Prudence Nyamishana (Uganda): “My first post was about David Tinyefuza, a Ugandan Army general who had fallen out with the president and was now whistleblowing against the government…. At the time…I didn't have a job and all my friends were wondering why in the world I was taking on work and not expecting any payment…. I told them I was going to do what I loved… and that it was an opportunity to tell Uganda's stories. More worries came from my father, who had experienced the rough times of Ugandan Dictator Idi Amin‘s repressive regime. He said: “I hope what you are doing is not political. I do not want you landing in trouble. You know when a government wants to stay in power they become repressive, they are scared of their own shadows.” I took his words to heart but I was not planning to retreat.” (Read full post here)
Laura Vidal (Venezuela): “I wrote to Eddie Avila to ask him if I could try to participate as an author, and he… welcomed me to the authors’ group. My first post as an author was about a crazy character I read about in a professor’s blog…. I had a blast writing about it, and it felt great to do something about this frustration for the lack of stories of a Venezuela that is rarely seen.” (Read full post here)
“Ma première traduction, en 2011 a été suscitée par un appel lancé par le responsable d'un forum fréquenté par des traducteurs participant à la localisation du projet OLPC. Il était question d'un blogueur égyptien, Alaa Abdel Fattah, qui avait été actif dans la communauté des traducteurs de logiciels libres, et qui avait été emprisonné arbitrairement. C'est ainsi que j'ai traduit pour GV Advocacy et que j'ai rejoint la formidable équipe GV francophone. J'ai eu la joie d'apprendre par la suite que Alaa Abdel Fattah avait été libéré (provisoirement car il a été ensuite à nouveau arrêté).” (Lire le billet complet ici)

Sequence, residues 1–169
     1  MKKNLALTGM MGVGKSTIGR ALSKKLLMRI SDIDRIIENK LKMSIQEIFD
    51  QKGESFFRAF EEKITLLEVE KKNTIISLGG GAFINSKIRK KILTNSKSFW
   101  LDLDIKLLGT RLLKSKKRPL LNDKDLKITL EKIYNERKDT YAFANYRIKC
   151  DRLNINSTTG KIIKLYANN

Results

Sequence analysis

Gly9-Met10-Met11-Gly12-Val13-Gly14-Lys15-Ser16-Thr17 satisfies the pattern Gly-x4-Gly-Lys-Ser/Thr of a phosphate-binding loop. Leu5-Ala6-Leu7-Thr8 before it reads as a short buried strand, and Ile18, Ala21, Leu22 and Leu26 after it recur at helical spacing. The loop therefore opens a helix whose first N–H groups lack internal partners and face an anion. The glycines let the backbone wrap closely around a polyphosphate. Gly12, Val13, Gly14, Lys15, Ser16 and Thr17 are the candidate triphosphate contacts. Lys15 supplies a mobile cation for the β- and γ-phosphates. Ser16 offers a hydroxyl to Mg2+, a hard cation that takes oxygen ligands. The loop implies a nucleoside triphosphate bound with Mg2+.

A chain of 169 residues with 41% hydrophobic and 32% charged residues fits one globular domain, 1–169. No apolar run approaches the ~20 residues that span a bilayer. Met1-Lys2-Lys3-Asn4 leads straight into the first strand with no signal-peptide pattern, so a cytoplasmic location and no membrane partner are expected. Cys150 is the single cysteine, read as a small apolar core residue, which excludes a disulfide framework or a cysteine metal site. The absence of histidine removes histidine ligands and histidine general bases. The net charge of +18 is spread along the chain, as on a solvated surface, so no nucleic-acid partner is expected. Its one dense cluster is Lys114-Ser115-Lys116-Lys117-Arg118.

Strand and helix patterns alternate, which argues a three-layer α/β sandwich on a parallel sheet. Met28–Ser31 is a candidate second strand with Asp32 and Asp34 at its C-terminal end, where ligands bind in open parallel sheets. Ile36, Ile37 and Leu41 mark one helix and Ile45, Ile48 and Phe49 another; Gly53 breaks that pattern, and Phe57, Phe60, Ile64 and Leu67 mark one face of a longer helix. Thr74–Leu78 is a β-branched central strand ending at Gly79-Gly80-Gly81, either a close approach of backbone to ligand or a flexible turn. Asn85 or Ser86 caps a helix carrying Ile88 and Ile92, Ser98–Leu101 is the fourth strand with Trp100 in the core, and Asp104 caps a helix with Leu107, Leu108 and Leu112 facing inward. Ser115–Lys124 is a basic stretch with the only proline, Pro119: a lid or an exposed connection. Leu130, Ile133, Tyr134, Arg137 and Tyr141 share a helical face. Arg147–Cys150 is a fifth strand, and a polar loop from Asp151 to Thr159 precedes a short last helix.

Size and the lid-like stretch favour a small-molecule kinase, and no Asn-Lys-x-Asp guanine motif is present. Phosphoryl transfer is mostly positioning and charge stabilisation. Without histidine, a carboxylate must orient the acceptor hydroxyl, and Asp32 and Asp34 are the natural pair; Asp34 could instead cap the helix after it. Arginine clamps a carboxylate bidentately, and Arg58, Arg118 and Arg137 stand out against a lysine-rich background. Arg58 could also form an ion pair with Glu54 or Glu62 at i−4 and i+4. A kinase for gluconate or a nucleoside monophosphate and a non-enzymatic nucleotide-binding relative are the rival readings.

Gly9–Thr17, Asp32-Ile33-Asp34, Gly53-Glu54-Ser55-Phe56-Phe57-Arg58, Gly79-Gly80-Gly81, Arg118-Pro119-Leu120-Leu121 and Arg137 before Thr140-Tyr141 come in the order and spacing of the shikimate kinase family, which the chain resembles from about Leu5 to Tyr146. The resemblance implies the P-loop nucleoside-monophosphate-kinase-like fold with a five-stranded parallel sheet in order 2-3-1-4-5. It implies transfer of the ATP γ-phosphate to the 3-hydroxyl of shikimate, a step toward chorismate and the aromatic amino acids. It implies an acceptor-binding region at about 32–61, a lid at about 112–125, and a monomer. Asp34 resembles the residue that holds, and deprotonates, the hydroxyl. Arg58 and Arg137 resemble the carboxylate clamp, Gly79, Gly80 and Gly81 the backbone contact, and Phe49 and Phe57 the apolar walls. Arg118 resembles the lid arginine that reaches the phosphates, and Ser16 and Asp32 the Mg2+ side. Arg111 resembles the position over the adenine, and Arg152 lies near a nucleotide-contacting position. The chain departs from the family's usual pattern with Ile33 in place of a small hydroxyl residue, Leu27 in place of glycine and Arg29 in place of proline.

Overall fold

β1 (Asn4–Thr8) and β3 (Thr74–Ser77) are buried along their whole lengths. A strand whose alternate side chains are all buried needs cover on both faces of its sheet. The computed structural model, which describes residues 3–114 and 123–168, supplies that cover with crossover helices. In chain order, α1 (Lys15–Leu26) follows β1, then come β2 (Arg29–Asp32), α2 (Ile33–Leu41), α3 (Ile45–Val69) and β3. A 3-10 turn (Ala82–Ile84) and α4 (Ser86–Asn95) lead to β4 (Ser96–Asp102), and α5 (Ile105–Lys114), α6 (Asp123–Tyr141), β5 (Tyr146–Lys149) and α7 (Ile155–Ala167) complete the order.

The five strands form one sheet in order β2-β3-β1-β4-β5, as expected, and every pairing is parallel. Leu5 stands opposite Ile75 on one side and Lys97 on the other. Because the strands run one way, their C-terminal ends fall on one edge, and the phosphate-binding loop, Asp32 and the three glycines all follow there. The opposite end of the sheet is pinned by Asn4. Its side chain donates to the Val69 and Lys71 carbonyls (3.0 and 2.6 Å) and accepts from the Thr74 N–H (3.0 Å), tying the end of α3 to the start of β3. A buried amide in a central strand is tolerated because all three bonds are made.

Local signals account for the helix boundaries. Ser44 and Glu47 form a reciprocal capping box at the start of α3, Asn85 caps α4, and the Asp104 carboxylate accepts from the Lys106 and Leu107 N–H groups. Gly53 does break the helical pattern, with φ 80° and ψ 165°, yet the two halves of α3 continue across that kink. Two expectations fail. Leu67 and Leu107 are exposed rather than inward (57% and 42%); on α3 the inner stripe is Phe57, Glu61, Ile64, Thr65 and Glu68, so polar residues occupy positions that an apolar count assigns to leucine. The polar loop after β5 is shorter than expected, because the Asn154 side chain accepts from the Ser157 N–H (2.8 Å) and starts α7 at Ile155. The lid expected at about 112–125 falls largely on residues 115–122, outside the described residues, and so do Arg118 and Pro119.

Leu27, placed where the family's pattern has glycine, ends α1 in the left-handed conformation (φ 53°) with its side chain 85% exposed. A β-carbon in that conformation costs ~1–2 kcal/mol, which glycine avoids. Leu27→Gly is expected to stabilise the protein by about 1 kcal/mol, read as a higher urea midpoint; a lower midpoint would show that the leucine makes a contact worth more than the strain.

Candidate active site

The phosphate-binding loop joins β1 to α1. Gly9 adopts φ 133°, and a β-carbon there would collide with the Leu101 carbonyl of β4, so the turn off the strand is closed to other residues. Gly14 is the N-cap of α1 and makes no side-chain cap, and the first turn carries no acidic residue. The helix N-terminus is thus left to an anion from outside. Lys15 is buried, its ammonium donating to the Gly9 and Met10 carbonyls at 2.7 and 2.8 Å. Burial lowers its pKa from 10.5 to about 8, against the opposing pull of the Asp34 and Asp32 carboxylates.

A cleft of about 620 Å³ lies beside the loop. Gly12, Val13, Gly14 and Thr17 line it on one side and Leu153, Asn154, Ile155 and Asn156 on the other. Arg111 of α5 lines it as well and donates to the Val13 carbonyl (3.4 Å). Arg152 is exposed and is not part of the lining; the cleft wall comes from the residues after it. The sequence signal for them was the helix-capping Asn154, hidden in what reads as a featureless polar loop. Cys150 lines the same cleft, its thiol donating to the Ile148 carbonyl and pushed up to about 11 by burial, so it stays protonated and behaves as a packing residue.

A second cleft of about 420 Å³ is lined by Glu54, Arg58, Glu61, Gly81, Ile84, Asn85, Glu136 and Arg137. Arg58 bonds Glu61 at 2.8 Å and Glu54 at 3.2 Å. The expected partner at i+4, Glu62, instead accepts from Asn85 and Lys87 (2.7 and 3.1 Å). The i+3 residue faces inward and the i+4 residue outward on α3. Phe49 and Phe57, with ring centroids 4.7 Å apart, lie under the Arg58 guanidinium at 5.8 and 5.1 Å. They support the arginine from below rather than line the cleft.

“My first translation, in 2011, was prompted by an appeal from the leader of a forum for translators involved in the localisation of the One Laptop Per Child (OLPC) project. It had to do with an Egyptian blogger, Alaa Abdel Fattah, who had been active in the free software translators’ community, and who had been unjustly imprisoned. That was how I started translating for GV Advocacy and joined the formidable GV Francophone team. I was delighted to learn afterwards that Alaa Abdel Fattah was freed (provisionally, as he was then arrested again).” (Read full post here [fr])
Mohamed EGohary (Egypt): “I joined Global Voices as an Arabic translator in February 2009. Back then I was a bilingual blogger, writing about Egyptian affairs as well as web2.0…. The editor who welcomed me to Global Voices was Yazan Badran, probably first real interaction with a Syrian…. My first translation was about Gaza. Palestine to me before Global Voices was something I only read about in mainstream media, and you will never to get to know details about conflicts from mainstream media…. Through Global Voices I learned that every conflict has a sea of people, everyone has their own life, memories, happiness and pain….” (Read full post here)